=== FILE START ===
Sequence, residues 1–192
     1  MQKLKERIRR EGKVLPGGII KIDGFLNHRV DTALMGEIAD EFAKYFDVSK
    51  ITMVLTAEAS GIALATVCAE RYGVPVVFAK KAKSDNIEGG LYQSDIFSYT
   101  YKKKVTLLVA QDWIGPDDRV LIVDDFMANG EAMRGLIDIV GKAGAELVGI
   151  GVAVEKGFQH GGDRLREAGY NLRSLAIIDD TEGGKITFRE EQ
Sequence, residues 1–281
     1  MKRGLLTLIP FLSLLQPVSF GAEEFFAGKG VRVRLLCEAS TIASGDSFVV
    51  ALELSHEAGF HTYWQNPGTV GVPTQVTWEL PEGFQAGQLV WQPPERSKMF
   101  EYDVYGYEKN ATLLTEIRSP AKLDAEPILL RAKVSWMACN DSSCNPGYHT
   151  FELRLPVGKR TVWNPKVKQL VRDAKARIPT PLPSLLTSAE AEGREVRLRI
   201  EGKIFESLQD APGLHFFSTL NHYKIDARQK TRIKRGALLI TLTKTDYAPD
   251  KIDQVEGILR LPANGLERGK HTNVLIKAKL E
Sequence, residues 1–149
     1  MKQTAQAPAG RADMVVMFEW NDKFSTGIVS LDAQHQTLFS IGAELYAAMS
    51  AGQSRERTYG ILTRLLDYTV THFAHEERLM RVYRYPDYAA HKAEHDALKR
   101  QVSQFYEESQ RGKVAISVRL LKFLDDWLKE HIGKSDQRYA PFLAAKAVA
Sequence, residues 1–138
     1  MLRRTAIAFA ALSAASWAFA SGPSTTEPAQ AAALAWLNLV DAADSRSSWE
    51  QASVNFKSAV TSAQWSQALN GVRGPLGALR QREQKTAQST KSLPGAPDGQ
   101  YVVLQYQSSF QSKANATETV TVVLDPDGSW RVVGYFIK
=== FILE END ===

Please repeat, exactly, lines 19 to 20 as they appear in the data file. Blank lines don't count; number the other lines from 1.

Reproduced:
    51  QASVNFKSAV TSAQWSQALN GVRGPLGALR QREQKTAQST KSLPGAPDGQ
   101  YVVLQYQSSF QSKANATETV TVVLDPDGSW RVVGYFIK